Supply Managers Hint at Inflation Relief Ahead

Slower price hikes for manufacturing materials should eventually reach consumers

Engineer operating on a lathe machine in the engineering part production line.
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If your household budget has been squeezed by higher and higher product prices, there’s a glimmer of better times ahead from the factory floors where that stuff is made. 

U.S. manufacturers saw the prices they pay for raw materials increase in December, but by far less than in November, the Institute for Supply Management said Tuesday, citing its monthly survey of supply managers. In fact, an index measuring the pace of price increases fell more than it had in any other month since 2010, the group said.

The move is a good sign for future consumer inflation, economists said. Not only that, but supply chain problems that have fueled the accelerating inflation improved a bit as supplier deliveries didn’t slow as much as in the previous month. Hiring got slightly easier for the fourth month in a row, too, according to the survey.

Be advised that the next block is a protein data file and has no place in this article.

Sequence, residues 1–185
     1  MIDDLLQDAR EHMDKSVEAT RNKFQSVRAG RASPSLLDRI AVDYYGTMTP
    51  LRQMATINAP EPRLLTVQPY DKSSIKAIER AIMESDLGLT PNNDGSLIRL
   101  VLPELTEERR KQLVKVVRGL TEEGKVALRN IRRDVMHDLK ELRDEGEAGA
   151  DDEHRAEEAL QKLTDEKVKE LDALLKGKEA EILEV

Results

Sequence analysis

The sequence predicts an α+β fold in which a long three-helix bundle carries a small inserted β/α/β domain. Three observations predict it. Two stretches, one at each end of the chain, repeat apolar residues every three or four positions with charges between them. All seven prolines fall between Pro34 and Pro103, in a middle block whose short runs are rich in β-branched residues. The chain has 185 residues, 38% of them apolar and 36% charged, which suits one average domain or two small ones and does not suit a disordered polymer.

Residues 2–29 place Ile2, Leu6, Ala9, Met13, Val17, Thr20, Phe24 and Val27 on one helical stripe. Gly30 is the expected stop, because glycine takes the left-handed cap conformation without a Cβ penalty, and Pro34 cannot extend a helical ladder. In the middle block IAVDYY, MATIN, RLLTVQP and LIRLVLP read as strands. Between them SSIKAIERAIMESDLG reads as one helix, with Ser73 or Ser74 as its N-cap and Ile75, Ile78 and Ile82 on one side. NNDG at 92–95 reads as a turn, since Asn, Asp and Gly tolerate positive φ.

“Demand remains strong as price pressures and supply problems are fading—if only incrementally,” economists at Wells Fargo Securities wrote in a commentary. “Supply chains are still a problem, though the logjam may be starting to break up.” 

The report adds to hopeful signs that inflation isn’t likely to get much worse before it gets better. The inflation rate reached 6.8% in November, the highest since 1982, as problems with making and transporting enough to meet demand contributed to a spike in costs for everything from groceries to gas. 

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Article Sources

  1. Institute for Supply Management. "Manufacturing PMI at 58.7%" Accessed Jan. 4, 2022.

  2. Wells Fargo. "Three Cheers for the Decline in the ISM Index." Accessed Jan. 4, 2022.